Katie Paulson
    service learning program coordinator, ASUA senior majoring in English


    Greeks deserve credit, not criticism

    As I embark on my fourth year as a proud Arizona Wildcat, I would like to say: I am so sick of every third Daily Wildcat opinion article having something negative to say about Greek Life.

    Now, for clarification purposes, I am not in a sorority, nor has the thought of joining one ever crossed my mind – but just because I am not involved with Greek Life doesn’t give me or anyone else an excuse to partake in such unfounded animosity toward a group of fellow students.

    In his column on Friday, Damion LeeNatali admits right away that much of the “”tension”” between greeks and non-greeks on campus is due to “”long-running stereotypes that have gone relatively unchecked.”” However, instead of working to debunk such prejudice as he claims to know exists by emphasizing the positive contributions he claims to know Greek Life has made, LeeNatali is actually so self-righteous as to further attack these organizations for not doing enough to atone for the negative labels we, the outsiders, have placed on them!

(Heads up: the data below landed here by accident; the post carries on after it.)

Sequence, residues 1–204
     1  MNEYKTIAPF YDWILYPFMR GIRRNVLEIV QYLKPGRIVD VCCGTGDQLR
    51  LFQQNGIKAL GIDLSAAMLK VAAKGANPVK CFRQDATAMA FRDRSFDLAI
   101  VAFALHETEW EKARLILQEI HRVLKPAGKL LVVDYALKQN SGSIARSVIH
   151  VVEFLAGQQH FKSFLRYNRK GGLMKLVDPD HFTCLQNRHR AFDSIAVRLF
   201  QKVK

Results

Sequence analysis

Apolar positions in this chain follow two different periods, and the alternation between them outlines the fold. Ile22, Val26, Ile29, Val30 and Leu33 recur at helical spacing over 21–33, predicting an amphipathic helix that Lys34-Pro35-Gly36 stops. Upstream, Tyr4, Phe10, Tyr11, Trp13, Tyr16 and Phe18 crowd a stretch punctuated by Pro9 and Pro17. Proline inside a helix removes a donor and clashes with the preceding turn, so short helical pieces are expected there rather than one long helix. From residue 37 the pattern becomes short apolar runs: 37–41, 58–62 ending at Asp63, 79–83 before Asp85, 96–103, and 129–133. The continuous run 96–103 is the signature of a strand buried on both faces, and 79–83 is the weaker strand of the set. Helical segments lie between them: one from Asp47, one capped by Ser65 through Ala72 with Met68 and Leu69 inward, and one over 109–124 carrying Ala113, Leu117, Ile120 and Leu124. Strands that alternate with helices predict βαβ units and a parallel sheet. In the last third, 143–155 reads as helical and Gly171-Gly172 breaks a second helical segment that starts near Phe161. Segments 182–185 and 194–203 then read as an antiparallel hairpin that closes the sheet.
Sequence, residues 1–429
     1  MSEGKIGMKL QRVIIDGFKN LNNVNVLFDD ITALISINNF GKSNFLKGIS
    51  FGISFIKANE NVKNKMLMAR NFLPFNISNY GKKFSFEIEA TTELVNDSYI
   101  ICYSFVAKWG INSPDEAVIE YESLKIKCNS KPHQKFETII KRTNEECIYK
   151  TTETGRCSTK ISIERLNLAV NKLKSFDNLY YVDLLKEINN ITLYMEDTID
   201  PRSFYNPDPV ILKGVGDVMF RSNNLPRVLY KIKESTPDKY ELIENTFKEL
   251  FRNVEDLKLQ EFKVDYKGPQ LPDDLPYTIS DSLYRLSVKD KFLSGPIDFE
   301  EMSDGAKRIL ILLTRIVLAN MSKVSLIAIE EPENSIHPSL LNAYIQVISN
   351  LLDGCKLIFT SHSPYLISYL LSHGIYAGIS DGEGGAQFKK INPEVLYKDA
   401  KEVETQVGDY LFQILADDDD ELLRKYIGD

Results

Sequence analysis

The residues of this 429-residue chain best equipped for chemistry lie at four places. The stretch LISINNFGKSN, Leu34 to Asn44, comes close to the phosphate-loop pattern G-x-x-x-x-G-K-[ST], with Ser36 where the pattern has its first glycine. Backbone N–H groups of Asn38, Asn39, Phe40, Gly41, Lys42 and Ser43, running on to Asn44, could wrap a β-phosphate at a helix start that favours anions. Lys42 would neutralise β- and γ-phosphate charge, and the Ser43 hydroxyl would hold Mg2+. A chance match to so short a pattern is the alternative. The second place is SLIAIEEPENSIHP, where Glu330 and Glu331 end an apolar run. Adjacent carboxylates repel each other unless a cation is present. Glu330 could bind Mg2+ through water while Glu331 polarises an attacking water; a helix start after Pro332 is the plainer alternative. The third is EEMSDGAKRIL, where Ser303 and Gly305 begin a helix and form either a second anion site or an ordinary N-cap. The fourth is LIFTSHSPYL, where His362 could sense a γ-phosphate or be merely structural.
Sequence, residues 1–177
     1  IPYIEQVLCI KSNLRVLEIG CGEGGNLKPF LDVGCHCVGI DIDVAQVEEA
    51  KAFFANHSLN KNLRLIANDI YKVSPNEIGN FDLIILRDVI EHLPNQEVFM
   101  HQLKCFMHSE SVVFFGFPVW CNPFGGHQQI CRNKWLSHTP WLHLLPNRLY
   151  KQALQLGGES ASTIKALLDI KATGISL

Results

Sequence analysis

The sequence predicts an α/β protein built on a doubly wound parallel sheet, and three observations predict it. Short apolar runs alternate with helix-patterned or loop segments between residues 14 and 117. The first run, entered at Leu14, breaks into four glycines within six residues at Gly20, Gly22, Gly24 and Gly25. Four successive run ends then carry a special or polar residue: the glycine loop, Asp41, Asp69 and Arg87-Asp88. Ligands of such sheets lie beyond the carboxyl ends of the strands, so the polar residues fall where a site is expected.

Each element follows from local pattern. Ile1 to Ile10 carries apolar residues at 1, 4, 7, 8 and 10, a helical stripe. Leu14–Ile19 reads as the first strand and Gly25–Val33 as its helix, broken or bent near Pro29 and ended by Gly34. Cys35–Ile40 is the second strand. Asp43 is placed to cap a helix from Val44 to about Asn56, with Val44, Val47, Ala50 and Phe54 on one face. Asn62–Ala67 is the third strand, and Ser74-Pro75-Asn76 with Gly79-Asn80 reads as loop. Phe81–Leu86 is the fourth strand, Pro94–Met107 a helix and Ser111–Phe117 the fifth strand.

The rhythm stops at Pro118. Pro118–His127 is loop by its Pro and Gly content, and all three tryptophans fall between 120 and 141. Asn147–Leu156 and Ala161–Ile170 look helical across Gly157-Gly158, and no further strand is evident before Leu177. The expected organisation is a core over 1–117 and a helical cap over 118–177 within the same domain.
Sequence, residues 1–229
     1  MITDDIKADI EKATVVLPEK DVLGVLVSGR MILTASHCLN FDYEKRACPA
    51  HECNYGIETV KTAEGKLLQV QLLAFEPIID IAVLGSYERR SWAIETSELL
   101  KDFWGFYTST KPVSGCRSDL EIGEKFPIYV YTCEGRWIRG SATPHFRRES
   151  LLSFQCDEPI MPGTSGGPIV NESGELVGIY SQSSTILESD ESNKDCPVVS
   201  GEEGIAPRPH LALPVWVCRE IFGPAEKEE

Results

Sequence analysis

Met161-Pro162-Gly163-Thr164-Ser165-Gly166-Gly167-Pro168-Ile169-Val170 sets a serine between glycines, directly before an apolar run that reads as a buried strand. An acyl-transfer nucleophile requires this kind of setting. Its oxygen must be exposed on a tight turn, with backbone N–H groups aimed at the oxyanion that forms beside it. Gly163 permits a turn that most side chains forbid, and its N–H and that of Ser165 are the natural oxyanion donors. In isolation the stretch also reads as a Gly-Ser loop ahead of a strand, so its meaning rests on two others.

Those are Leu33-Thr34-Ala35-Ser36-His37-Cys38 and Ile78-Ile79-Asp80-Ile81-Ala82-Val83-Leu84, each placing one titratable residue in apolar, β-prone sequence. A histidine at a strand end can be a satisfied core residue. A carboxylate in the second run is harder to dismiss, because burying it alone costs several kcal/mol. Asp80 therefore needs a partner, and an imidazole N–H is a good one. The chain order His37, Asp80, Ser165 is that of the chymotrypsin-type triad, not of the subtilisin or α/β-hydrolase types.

So what if the average greek “”only”” raised $19 for charity or “”only”” spent 7.5 hours contributing to philanthropy last year? I’ll tell you what – that’s far more time and money than I’ve contributed to the greater good lately – how about you? Call me apathetic if you want (because, let’s face it – I am), but I certainly don’t have to explain myself to the likes of the Wildcat opinions desk – and neither should anyone in a sorority or fraternity.